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US DHS to issue new memo to terminate Trump-era remain in Mexico policy

US Rep. Ilhan Omar (D-MN) (L) talks with Speaker of the House Nancy Pelosi (D-CA) during a rally with fellow Democrats before voting on H.R. 1, or the People Act, on the East Steps of the US Capitol on March 08, 2019 in Washington, DC. (AFP photo)
Haitian migrants rest next to garbage bags outside a migrant shelter where they await their immigration resolution, in Monterrey, Mexico, on September 26, 2021. (Via Reuters)

The US Department of Homeland Security is seeking to terminate a Trump-era migration rule, which required asylum-seeking migrants to stay in Mexico while awaiting court proceedings.

The department issued a memo in June ending the program, formally known as the Migrant Protection Protocols (MPP), but a Texas-based federal judge ruled MPP must be restarted.

"The Department of Homeland Security intends to issue in the coming weeks a new memorandum terminating the Migrant Protection Protocols (MPP)," DHS said in the release on Wednesday.

"Although the Department issued a June 2021 memorandum that terminated MPP, a Texas district court vacated that prior termination determination and issued an injunction that requires the Department to work in good faith to re-start MPP."

The new memorandum to terminate MPP will not take effect until the current injunction from the Texas court is lifted, the release said.

Biden has sought since taking office in January to reverse many of Trump's hardline immigration policies. Republican-led Texas and Missouri challenged the Democratic president's move.

Republicans blame Biden's reversal of MPP and other Trump immigration policies for the increase in the number of migrants caught crossing the southern US border, which has reached 20-year highs in recent months.

The migrant crisis at the southern border with Mexico came under spotlight again last week after images showed US Border Patrol agents on horseback seen whipping Haitian migrants.

The images appeared of riders on horseback rounding up Haitian migrants and using their reins in an aggressive manner. The brutal treatment of the migrants by the US border agents drew a swell of criticism toward the Biden administration's handling of the issue.

Biden denounced his administration’s treatment of Haitian migrants at the southern border.

“To see people treated like they did, horses barely running them over and people being strapped. It was outrageous. I promise those people will pay,” Biden said.

Vice President Kamala Harris also condemned the US treatment of Haitian migrants at the southern border, saying images of American border patrol agents on horseback whipping the migrants evoked "times of slavery.”

Harris said the imagery, which circulated widely on social media, reminded her of tactics “used against the Indigenous people of our country" and that have "been used against African Americans during times of slavery.”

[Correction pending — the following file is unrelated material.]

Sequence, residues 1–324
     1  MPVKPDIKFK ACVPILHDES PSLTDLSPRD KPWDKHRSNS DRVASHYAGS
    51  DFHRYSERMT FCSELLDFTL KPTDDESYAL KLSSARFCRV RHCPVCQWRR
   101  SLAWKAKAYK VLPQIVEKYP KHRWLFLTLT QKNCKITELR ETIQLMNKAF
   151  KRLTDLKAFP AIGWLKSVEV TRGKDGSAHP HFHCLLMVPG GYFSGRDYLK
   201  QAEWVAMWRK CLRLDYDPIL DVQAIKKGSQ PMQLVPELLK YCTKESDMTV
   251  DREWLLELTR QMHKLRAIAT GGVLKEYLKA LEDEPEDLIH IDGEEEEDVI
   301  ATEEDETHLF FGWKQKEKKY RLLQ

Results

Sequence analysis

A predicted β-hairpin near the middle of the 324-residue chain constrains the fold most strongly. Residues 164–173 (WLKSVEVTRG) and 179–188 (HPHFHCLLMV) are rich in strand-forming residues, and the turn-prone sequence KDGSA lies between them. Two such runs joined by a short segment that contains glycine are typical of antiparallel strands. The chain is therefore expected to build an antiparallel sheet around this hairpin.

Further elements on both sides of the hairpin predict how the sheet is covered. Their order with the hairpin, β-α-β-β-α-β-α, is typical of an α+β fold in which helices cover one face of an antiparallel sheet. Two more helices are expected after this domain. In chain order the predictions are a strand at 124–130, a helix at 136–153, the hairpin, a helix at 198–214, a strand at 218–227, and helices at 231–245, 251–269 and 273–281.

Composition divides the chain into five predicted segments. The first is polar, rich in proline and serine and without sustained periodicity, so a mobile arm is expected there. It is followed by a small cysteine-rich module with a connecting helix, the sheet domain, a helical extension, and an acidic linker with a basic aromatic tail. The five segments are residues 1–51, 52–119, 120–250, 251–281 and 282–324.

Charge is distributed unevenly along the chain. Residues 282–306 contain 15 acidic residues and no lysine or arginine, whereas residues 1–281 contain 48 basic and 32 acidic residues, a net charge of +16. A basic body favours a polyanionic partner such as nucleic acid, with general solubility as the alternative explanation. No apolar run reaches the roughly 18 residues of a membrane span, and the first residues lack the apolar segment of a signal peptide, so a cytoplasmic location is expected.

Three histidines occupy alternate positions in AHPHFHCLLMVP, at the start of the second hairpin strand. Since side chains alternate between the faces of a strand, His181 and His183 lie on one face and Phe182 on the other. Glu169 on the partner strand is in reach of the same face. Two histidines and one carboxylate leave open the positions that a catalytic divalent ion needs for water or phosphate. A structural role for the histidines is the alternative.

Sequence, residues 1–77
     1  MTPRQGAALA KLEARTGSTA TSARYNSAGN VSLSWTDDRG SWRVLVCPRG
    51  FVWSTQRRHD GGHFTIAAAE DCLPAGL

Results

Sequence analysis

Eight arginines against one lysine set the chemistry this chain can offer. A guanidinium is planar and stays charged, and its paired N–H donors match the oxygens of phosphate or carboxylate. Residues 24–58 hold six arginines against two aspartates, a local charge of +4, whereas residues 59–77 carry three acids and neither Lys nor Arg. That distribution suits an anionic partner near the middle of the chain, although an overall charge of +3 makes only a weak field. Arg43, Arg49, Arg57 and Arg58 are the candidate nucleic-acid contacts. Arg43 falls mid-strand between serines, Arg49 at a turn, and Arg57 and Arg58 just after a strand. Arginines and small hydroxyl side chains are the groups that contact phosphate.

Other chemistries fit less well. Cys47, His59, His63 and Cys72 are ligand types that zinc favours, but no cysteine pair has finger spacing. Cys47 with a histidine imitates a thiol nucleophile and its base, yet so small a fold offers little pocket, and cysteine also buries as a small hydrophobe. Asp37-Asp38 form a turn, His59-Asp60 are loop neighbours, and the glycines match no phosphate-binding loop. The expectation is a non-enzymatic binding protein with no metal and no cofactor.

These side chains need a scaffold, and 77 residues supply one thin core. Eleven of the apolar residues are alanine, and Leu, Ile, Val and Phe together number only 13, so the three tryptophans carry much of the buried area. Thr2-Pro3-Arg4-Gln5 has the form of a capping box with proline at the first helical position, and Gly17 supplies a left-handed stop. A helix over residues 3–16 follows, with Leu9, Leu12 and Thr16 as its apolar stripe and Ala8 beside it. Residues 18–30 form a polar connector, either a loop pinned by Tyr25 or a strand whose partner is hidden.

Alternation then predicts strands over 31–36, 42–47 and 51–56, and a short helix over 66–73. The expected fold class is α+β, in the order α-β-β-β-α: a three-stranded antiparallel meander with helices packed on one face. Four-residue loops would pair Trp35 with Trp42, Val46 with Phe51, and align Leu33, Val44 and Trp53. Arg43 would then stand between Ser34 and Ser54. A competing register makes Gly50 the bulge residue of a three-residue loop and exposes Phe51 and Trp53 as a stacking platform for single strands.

Texas Republican Governor Greg Abbott, however, blatantly defended US Border Patrol agents, saying he would hire them if they were fired by the federal government. 

“You have a job in the state of Texas,” he told host Chris Wallace on “Fox News Sunday.” “I will hire you to help Texas secure our border,” after images and videos circulated of American border patrol agents on horseback using whips on migrants seeking asylum.

Abbott said the fault for any misbehavior should be placed on President Biden and his administration because they didn’t keep the Haitian migrants from crossing from Mexico into Del Rio, Texas.

The influx of migrants, in particular unaccompanied children, came after Biden unwound Trump's hardline immigration policies immediately after he assumed office in January.

Biden issued a flurry of immigration-related executive decisions, including orders to end “extreme immigration enforcement”, and preserve and fortify the Deferred Action for Childhood Arrivals (DACA) program, which gives work permits and protection from deportation to people brought illegally to the US as minors.

Biden also halted construction of Trump’s Mexico border wall and ordered an end to the “Remain in Mexico” policy, under which tens of thousands of asylum applicants were awaiting rulings in Mexico.

Although the border was officially closed amid the COVID-19 pandemic, about 65 percent of families and 15% of single adults were still released into the US to await their immigration cases.

The Biden administration has been sharply criticized by both fellow Democrats and Republicans for its handling of the refugee crisis at the border and failing to provide proper facilities with adequate facilities to the migrant children, exposing them to various dangers.

More than 4,300 unaccompanied children who crossed the US-Mexico border were held at a makeshift detention center in Texas under distressing conditions.

Biden's order to use Trump-era detainment facilities to house migrant children – which Democrats would often use to accuse Trump of putting “kids in cages” – drew sharp criticism.

Most of them are teenagers from Guatemala, Honduras or El Salvador, though some have been reported to be as young as six.

Persecution, gang violence, and poverty are the reasons parents have seen sending them to seek refuge in the US, though they remain vulnerable to exploitation and sexual abuse along the way.

There have been 1.85 million border apprehensions this year, breaking a record of 1.64 million in 2000, according newly released projections. 

Trump has said the US border situation will become “the greatest crisis in the history of our country.”


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